IMF/World Bank: the facts


The World Bank and the IMF were formed at the Bretton Woods Conference in 1944, called to establish a new global economic order at the end of World War Two. The influential economist John Maynard Keynes proposed a stable, fair world economy in which trade surpluses were automatically recycled to finance trade deficits. Instead the US pushed for a system based on the dollar and on the free movement of capital. The IMF and the Bank were designed to smooth out the wrinkles of currency and capital shortages.

The IMF was intended to oversee currency values and act as a kind of ‘credit union’ from which national governments could draw short-term loans when they were in balance-of-payment difficulties. It has evolved into an international judge of countries’ macroeconomic policies, offering loans conditional upon the adoption of a raft of free-market measures.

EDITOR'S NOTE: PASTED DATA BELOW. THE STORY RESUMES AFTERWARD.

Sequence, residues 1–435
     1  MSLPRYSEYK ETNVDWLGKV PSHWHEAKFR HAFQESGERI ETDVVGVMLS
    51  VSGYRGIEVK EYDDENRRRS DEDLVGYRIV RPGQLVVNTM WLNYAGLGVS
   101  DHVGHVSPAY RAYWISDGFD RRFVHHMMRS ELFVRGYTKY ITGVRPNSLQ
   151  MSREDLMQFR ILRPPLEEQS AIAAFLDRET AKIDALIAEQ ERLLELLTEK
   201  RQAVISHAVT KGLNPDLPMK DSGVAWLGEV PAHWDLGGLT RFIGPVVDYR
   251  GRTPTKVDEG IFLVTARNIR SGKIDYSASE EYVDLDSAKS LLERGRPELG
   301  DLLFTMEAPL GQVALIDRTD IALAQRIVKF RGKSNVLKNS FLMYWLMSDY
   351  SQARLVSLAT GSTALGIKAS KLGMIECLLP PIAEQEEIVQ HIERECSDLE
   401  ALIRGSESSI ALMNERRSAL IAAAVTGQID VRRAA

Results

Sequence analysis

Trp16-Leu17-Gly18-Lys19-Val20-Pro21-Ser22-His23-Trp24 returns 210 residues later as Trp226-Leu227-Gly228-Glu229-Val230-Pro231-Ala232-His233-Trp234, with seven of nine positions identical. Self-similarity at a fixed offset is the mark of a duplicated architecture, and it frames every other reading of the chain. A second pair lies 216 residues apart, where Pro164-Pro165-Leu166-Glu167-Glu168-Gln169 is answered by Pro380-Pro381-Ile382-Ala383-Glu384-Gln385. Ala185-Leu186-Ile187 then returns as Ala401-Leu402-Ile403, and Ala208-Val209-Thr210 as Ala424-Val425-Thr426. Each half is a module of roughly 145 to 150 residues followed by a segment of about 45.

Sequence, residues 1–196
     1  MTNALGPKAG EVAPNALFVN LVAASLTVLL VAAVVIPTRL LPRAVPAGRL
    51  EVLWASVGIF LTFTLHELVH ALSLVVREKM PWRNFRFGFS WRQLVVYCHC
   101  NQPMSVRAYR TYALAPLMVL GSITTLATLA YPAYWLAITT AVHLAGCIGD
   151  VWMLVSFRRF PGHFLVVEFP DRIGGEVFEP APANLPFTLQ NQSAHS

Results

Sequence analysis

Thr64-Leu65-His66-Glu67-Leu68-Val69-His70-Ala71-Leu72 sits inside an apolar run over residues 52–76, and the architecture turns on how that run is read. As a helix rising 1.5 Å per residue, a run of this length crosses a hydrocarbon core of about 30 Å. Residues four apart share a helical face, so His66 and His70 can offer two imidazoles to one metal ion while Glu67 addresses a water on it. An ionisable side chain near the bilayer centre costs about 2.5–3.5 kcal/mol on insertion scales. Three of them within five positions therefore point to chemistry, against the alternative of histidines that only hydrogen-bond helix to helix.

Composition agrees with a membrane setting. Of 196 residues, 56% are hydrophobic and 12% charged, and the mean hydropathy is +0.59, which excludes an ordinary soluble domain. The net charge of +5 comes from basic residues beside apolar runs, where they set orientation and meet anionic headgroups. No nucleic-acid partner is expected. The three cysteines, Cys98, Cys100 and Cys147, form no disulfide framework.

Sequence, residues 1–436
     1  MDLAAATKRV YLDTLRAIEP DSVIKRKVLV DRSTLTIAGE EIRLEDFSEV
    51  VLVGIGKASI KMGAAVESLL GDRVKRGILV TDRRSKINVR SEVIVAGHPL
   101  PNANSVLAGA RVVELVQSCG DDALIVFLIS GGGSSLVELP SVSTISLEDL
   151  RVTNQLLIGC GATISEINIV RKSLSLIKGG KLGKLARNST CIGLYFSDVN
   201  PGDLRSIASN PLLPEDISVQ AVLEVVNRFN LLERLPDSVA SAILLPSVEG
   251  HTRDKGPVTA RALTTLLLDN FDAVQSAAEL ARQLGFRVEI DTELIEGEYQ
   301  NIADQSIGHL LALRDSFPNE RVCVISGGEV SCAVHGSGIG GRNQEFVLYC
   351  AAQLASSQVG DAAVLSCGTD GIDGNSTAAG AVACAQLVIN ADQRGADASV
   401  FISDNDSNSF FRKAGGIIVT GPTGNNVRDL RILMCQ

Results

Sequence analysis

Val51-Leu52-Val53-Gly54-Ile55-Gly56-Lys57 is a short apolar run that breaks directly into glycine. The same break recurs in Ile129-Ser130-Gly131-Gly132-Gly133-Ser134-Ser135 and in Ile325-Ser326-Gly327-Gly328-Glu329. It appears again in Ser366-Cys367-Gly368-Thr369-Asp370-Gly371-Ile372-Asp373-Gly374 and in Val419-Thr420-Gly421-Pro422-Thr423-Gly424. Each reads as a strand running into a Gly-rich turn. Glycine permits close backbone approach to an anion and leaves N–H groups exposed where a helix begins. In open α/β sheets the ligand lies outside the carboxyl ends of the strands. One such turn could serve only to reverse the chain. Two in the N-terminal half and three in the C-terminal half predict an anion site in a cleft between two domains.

The IBRD (International Bank for Reconstruction and Development) is commonly known as the World Bank. It was designed to loan money to rebuild war-torn and ‘underdeveloped’ nations. Most of its money comes from bonds sold on the international markets; most of its money has tended to go into big infrastructure projects such as dams, power plants and roads. There are four other members of the World Bank Group.

The IFC (International Finance Corporation) was founded in 1956 to invest in or make loans to private companies operating in borrowing countries. It must make a profit and therefore can never benefit the poorest directly. 85% of its money goes into 15 countries that could attract investment on the international markets anyway.

The IDA (International Development Association) was set up in 1960 to make long-term low-interest loans to the poorest countries. This headed off attempts by newly independent Third World countries to establish an independent funding agency within the UN.

The ICSID (International Center for the Settlement of Investment Disputes) has since 1966 served as a tribunal settling disputes between governments and corporations.